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Interview | ‘I really do have faith in humanity’: Singer and producer Gabe Lopez on being a gay artist

The singer is currently working with Belinda Carisle on her new album

By Steve Brown

Words: Steve Brown

Gabe Lopez has opened up about being an openly gay artist ahead of the release of his new album ‘God Bless the Queens’. 

For those who haven’t heard his name before, Lopez is an American pop-rock singer/songwriter and producer. Signed to Spectra Music Group as an artist and Universal Music Group as a songwriter, Lopez has produced and written for the likes of Belinda Carlisle, New Kids on the Block, James Brown, Krayzie Bone, Shinee, Super Junior, Tae Yang, Charice as well as for TV and film. 

Now, Lopez is releasing his own music with his official video for his single ‘Lasso’ showing a push and pull relationship between two men and two women.

Lopez sat down with Attitude to discuss inspiration for his latest single and how the LGBT community has helped with his career.

Your new single ‘Lasso’ is out now. Where did you get inspiration for this song?

I was trying to think of a way to describe being in a relationship where you feel like you’re stuck without having a way to escape and I saw a Wonder Woman preview. I’m a huge Wonder Woman fan. I thought, ‘Lasso! That’s it!’ and then built the song around that concept.  

The video follows a push and pull relationship between two men and two women. Why did you want to shoot this video this way?

My good pal Patrick Broderick directed the video. I have to give him full credit for the concept. He had the idea to have the two women dancing with the rope and being figuratively and literally entangled – and how Kate Coleman choreographed that still blows me away.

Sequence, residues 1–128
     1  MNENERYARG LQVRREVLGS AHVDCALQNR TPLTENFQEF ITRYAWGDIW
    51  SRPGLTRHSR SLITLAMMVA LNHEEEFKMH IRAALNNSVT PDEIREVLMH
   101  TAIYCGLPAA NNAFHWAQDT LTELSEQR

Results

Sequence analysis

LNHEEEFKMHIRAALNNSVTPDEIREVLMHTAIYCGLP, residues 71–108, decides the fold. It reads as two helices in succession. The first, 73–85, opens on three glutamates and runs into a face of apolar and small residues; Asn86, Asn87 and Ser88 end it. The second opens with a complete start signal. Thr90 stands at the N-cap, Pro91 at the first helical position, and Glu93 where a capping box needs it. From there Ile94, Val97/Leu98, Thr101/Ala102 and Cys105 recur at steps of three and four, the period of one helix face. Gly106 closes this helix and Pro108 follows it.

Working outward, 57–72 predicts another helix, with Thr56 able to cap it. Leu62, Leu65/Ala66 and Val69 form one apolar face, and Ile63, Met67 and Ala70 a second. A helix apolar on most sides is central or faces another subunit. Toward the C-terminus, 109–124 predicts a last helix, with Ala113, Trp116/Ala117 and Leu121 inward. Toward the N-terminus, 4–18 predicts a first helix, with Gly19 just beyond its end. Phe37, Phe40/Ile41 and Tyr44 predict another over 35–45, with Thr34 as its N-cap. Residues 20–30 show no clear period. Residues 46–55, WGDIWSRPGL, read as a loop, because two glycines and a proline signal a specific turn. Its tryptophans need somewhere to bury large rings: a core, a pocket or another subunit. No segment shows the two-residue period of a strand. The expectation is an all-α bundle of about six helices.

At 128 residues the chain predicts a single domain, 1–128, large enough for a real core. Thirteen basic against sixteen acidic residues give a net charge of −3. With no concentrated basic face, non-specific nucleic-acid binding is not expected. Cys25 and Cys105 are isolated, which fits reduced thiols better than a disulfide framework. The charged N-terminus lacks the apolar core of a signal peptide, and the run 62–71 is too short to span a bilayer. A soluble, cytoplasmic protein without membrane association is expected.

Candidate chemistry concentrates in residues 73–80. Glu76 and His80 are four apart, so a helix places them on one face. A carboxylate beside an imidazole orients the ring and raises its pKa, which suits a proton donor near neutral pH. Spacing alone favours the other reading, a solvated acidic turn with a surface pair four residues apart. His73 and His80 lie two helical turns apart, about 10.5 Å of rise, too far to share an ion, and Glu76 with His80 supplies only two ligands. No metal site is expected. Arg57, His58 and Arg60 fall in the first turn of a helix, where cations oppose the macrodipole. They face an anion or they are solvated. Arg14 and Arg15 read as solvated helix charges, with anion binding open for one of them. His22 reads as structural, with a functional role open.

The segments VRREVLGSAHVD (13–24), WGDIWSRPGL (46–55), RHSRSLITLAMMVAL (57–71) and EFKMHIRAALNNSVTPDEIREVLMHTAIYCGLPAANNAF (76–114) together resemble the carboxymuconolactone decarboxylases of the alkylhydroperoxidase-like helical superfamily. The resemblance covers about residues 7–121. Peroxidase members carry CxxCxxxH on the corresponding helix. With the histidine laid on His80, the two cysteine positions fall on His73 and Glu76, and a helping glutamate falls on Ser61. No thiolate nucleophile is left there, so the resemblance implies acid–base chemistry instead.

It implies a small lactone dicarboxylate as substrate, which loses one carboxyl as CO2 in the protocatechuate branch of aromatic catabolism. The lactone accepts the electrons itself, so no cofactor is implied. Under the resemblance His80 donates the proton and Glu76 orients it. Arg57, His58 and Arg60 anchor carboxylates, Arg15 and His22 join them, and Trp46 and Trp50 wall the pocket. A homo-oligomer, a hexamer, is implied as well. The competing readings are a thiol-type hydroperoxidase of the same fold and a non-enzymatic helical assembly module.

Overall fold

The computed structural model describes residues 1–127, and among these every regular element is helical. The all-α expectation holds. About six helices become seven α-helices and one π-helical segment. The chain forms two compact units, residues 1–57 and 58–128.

She and Megan Merry are amazing. Patrick also had the idea to shoot at one of the Westworld locations outside of LA.

Two of my best friends, Blake English and Lucas Dell, played the two gents who drive in a symbolically empty valley. Their tension also highlights the push and pull of a relationship.

The DP Brookes Treidler and AC Blake Chang were so skillful in capturing the action and the drone shots, and Austin Burk was so slick with editing it all together. I have to thank Two Seas Media for putting together such a great team – all of them either LGBT or LGBT supporters. 

You are working on Belinda Carlisle’s full album, how has the experience been working with her?

I absolutely love working with Belinda every time! She is so genuine, generous and funny. She’s so fast in the studio, and she has a knack for writing melodies and harmonies.

And she has been so incredibly supportive of me as an artist, songwriter and producer. I love opening for her on her US and UK tours. She’s become a really good friend.

She’s featured prominently on my song “California Blues.” And we share a passion for strong coffee, dark chocolate and Larry David.

How did you meet each other?

Her son James Duke Mason knew of my music when they still lived in the south of France. We became pals when he moved to LA and then I had a couple songs that I thought would be good for Belinda.

Duke passed Belinda the songs. She and Jane Wiedlin reworked lyrics on one of the songs. Belinda wanted to meet to try the song out acoustically – the mark of a pro.